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Do College Drinking Bans Work?

Harvard Study Shows Effects of School Policies

CASA News Release

The nation's preeminent study of college drinking finds that 21 percent fewer students at colleges that ban alcohol are heavy episodic drinkers.

However, heavy alcohol use is high at both types of schools: 38 percent of students attending schools that ban alcohol are heavy episodic drinkers, compared to 48 percent of students at schools that do not ban alcohol. Students at ban colleges are more likely to abstain from alcohol completely. Three in ten students (29 percent) at ban schools abstain compared to only one in six students (16 percent) at non-ban colleges.

"Perhaps no college alcohol topic has generated as much speculation without the benefit of research as the banning of alcohol on college campuses," said Henry Wechsler, Ph.D., principal investigator of the study and director of College Alcohol Study at the Harvard School of Public Health. "Some people say that students will drink just as much -- or even more -- if alcohol is banned. Others maintain that a campus alcohol ban would cut drinking rates drastically. We used our research data to examine commonly held assumptions."

The findings are based on a nationally representative sample of students attending U.S. colleges who completed questionnaires regarding alcohol use and related behaviors in the spring of 1999. College administrators provided information on their schools' alcohol policies, and whether alcohol was banned for all students, regardless of age.

Extreme Drinking

The study compared survey responses of 2,252 students at 19 ban schools with those of 9,051 students at 76 colleges that do not ban alcohol and assessed their respective levels of drinking and alcohol-related problems while controlling for student and school characteristics. Heavy episodic or "binge" drinking is considered five or more drinks in a row for a man, four or more for a woman. Students who drank in this way at least once in the two weeks prior to receiving the survey were considered heavy episodic drinkers. The study appears in the March 2001 issue of the Journal of Studies on Alcohol(volume 62, number 2).

While there were fewer heavy episodic drinkers at colleges that ban alcohol, students who do drink engage in as much extreme drinking as drinkers at schools that do not ban alcohol. Student drinkers at schools that ban alcohol experience the same rate of alcohol-related problems as their peers at schools that do not ban alcohol. At both types of schools, about one in five students experienced five or more different problems related to their drinking.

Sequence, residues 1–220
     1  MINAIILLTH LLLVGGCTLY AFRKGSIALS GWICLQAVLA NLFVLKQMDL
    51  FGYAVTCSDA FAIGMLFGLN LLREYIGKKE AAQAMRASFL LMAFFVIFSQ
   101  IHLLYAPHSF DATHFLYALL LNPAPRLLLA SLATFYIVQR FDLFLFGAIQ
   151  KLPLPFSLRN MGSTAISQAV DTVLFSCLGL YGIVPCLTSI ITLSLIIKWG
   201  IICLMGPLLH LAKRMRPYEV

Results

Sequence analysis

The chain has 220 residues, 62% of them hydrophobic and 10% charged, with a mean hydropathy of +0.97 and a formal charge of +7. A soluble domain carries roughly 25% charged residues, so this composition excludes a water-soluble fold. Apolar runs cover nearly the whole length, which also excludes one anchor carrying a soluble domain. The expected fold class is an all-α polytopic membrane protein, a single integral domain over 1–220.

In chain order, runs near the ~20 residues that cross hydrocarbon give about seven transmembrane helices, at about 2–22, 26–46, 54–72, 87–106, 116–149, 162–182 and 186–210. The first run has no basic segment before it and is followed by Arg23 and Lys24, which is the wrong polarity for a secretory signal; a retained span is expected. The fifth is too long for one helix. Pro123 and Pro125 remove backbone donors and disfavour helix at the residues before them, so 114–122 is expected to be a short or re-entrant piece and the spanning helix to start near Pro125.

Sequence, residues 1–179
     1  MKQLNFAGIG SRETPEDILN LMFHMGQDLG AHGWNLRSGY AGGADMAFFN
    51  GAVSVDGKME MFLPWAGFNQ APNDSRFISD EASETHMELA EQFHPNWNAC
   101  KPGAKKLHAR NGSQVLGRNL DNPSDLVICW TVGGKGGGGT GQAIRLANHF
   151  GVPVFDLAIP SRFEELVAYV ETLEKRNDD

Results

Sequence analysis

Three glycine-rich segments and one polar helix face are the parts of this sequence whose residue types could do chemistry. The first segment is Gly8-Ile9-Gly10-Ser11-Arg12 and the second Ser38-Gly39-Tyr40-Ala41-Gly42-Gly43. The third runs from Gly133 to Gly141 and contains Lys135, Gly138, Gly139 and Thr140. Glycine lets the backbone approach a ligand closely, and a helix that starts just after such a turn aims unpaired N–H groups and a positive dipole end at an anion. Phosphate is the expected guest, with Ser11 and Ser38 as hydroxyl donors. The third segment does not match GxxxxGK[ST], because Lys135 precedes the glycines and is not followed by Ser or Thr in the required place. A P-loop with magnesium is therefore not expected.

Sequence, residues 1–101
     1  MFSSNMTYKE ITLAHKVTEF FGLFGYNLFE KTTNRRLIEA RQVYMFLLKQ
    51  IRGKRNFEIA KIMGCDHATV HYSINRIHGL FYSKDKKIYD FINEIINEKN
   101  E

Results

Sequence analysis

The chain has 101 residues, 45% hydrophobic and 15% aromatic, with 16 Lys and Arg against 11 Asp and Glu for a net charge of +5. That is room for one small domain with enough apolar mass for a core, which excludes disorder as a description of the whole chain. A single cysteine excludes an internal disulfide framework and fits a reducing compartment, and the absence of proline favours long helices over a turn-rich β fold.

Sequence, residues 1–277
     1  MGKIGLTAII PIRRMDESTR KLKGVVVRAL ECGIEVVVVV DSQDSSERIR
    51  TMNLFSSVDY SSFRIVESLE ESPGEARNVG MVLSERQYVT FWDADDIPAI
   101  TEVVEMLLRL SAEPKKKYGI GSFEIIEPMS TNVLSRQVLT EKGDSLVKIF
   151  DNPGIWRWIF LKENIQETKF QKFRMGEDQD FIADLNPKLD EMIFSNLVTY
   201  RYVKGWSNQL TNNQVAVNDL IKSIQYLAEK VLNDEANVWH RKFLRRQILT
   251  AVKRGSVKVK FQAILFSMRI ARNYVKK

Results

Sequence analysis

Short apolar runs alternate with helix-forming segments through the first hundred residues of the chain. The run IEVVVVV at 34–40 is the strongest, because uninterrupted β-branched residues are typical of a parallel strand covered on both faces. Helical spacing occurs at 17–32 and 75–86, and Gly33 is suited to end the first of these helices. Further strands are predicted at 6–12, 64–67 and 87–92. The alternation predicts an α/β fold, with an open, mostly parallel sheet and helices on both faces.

"This shows that banning alcohol at college is not going to cure all campus problems related to alcohol," Wechsler said.

On the other hand, the study debunked some myths about the effects of banning alcohol. It found that students at ban colleges are no more likely to drink and drive or to use marijuana than students at colleges that permit alcohol. Students at ban schools are more likely to attend parties and events off campus but are not more likely to have more than five drinks in a row at those parties or events.

Fewer Secondhand Effects

"Banning alcohol is not associated with the side effects that some have feared," Wechsler said. "Students are not substituting alcohol for other drugs, and they're not more likely to drive drunk."

According to the study, schools that ban alcohol experience a much lower rate of the secondhand effects of binge drinking. Students are less likely to be insulted, injured, experience unwanted sexual advances, or be otherwise negatively affected by other students' drinking. "The higher quality of campus life for students residing on these campuses is a major advantage offered by ban schools," Wechsler said.

There was no significant difference between the two types of schools in the proportion of students who were heavy episodic drinkers while in high school. However, students who engaged in heavy episodic drinking in high school were less likely to do so at colleges that ban alcohol than at colleges that allow alcohol.

"These findings indicate that the differences in drinking between the two types of schools cannot be solely attributed to students drinking less who self-select colleges that ban alcohol," Wechsler said. "The differences strongly suggest that keeping alcohol off the campus may provide a protective effect for some students."

Easy Access to Alcohol

The study concludes that schools should look at these data and examine their own situations when deciding whether or not to ban alcohol. "While schools should not be afraid of banning alcohol, implementing such a policy would require the support of students and a community environment that would not counteract campus efforts because of the easy access to alcohol," Wechsler said. "Certainly, whatever decisions schools make should be based on a thorough review of their situation, and not simply on conjecture."

Joining Dr. Wechsler as authors of the article, "Alcohol Use and Problems at Colleges Banning Alcohol: Results of a National Survey," are Harvard School of Public Health colleagues Jae Eun Lee, Dr. P.H. and Toben F. Nelson, M.S., and Jeana Gledhill-Hoyt, M.P.H., who is currently a student at Georgetown University School of Medicine.

The full study and additional information on the Harvard School of Public Health College Alcohol Study can be found here.

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